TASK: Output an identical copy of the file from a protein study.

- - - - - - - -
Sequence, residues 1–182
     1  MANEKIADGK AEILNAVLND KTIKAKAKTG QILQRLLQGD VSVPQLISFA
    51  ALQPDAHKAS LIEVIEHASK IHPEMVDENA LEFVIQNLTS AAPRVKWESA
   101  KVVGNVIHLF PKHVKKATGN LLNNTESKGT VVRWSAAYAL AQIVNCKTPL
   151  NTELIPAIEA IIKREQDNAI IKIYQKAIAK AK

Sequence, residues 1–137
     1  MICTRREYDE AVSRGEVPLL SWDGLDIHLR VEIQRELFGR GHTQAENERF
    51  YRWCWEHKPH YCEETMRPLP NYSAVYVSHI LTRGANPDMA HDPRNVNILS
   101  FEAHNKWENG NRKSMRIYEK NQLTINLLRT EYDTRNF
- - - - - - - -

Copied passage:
Sequence, residues 1–182
     1  MANEKIADGK AEILNAVLND KTIKAKAKTG QILQRLLQGD VSVPQLISFA
    51  ALQPDAHKAS LIEVIEHASK IHPEMVDENA LEFVIQNLTS AAPRVKWESA
   101  KVVGNVIHLF PKHVKKATGN LLNNTESKGT VVRWSAAYAL AQIVNCKTPL
   151  NTELIPAIEA IIKREQDNAI IKIYQKAIAK AK

Sequence, residues 1–137
     1  MICTRREYDE AVSRGEVPLL SWDGLDIHLR VEIQRELFGR GHTQAENERF
    51  YRWCWEHKPH YCEETMRPLP NYSAVYVSHI LTRGANPDMA HDPRNVNILS
   101  FEAHNKWENG NRKSMRIYEK NQLTINLLRT EYDTRNF